There's no unknowing that Obi-Wan Kenobi, Leia Organa, and Luke Skywalker will live to reunite in "A New Hope." So, "Obi-Wan Kenobi," which bridges the gap between the prequels and the original trilogy, has to fight an uphill battle in order to make its moments matter. It's Ewan McGregor's warmth — as well as his dynamic with Vivien Lyra Blair's Leia — that makes the series succeed.
The "Obi-Wan Kenobi" finale ties up a crowd-pleasing Star Wars series by devoting itself to the themes of choice and balance while also ramping up the tragedy. McGregor's twinkling gazes and his tear-stricken anguish make up the heart of "Part VI." In a conversation that mirrors "Twilight of the Apprentice," Kenobi accepts that his Skywalker brother is truly gone; his resulting expression is one of both heartbreak and release, because he finally accepts that Anakin Skywalker is responsible for his own downfall. To truly win, Kenobi relies on his paternal love for the Skywalker twins to renew his sense of purpose.
In a poignant parallel, the Inquisitor Reva makes a choice at the lowest point of her downward spiral and decides not to become a monster. Through Moses Ingram's exquisite performance, Reva's epiphany balances out Darth Vader's sorrowful fate and injects hope into a galaxy ruled by the dark side. Her moral rehabilitation is what helps Obi-Wan see the good in Anakin Skywalker, as he tells Leia that she carries the late Anakin's positive qualities. In the end, "Obi-Wan Kenobi" is about healing and making peace with those contradictions within our loved ones.
Carnage Of Krell — The Clone Wars
Even though they serve alongside the legendary Jedi, the clone soldiers are the most disposable and ignored in Republic society. Politicians and Jedi alike decide their fates while raising them to do nothing but fight, resulting in a group of soldiers who only know war. The finale of the clone-centric Umbara arc, "Carnage of Krell," is a dark dive into the clones' agency, the effect of their mental conditioning, and their resulting ambivalence. Throughout the arc, the clones put too much faith in their corrupt Jedi commander, the nasty Pong Krell, who spends four episodes exhausting his troops' morale. Then, Krell does the unspeakable: He tricks the soldiers into shooting their own brothers. As a result, the clones finally resolve to do something unprecedented. They defer to their own judgment, and arrest the Jedi in a spectacular combat sequence.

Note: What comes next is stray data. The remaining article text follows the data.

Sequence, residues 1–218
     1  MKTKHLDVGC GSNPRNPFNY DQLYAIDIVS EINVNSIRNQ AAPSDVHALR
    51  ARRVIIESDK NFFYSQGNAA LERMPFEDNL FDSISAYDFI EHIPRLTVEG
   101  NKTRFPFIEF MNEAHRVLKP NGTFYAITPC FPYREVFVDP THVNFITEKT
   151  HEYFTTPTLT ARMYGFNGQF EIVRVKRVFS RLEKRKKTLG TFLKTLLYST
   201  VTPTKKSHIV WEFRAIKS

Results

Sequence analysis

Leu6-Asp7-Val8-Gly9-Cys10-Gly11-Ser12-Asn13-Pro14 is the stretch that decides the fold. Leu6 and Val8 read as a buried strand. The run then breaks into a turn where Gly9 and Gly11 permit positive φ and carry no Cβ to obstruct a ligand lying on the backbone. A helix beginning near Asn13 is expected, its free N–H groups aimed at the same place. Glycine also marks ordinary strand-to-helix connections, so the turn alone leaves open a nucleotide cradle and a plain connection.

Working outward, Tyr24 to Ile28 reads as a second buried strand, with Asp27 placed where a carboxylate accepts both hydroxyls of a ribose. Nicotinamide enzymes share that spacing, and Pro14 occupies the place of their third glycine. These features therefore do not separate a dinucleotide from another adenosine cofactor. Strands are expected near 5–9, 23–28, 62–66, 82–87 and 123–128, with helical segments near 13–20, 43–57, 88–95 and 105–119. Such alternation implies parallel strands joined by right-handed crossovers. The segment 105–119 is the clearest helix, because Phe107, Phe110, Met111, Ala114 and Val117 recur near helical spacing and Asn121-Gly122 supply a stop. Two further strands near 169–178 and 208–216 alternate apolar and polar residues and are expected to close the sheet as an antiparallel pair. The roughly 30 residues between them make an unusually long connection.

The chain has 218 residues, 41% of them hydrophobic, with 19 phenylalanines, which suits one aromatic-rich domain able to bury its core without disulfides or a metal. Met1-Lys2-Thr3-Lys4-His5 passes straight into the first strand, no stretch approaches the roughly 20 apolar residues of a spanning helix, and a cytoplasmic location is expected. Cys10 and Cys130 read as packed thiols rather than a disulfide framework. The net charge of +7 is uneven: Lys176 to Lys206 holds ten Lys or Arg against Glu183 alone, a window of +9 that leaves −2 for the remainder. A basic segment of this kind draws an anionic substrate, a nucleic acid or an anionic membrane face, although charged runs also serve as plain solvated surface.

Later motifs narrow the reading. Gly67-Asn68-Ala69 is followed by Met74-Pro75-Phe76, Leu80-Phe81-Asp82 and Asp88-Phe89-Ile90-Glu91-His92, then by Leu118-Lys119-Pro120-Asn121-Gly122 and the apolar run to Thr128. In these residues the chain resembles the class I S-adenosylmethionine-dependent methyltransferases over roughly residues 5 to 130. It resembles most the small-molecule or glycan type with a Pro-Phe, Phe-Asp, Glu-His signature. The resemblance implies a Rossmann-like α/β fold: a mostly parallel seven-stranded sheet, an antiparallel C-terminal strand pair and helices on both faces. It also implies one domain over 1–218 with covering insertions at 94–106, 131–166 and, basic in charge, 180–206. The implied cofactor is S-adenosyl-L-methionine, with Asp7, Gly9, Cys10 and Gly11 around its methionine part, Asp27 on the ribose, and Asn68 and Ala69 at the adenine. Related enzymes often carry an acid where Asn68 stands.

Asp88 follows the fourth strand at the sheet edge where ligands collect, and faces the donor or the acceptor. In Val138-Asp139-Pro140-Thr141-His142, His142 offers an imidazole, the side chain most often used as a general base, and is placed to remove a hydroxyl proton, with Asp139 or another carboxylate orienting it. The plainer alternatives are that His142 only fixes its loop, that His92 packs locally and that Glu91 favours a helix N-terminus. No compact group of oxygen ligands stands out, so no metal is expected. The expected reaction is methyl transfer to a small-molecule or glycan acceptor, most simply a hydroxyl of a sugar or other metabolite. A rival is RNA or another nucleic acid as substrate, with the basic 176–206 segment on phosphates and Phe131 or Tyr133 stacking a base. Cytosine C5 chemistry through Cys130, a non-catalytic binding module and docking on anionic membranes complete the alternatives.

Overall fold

The ending of this episode underlines the tragedy of the Clone Wars. The clone soldiers, if they don't die in battle, don't know how to live without a war to fight. But nothing is as haunting as the moment when one of Krell's most loyal clones, Dogma, decides to execute his superior after Rex hesitates to pull the trigger. The delayed execution says everything about how the clones second-guess their own principles and decisions because life hasn't given them space to challenge the status quo.
Victory And Death — The Clone Wars
In the end, what were the Clone Wars for? "Victory and Death" begins with Ahsoka and Rex holding as tightly as they can to their principles — and their hope — as Order 66 closes in on them, but letting a wild card like Maul loose comes with a colossal price. Ahsoka Tano made a questionable decision in order to survive, and "Victory and Death" encourages viewers to contemplate how that choice weighs on her soul, much as the war has taken a toll on both the clone soldiers and the Jedi. It's telling that Rex has to force himself to swallow his loyalty to turn on his fellow soldiers.
"Victory and Death" is cruel. It's cruel because it dangles hope in front of the audience, floating the idea that Ahsoka and Rex could save every clone soldier, even though we know that outcome isn't really an option. Despite the knowledge that Ahsoka and Rex will survive and join meaningful causes, "The Clone Wars" ends on the clone soldier and former Jedi staring at the burial mounds and the ashes left in the air. In the series' final shot, the titular clones are revealed for what they truly are: mere tools that are easily discarded, their lives shortened by politics and warfare.
Chapter 12 — Star Wars: Clone Wars
Every episode of the 2003 "Star Wars: Clone Wars" micro-series is a brief three-to-five minutes in length, yet each has the visual impact of a supernova. While the series is now in proto-canon territory, it's still an experience not to be missed, if only to see Mace Windu engage in a battle that should be the stuff of legends.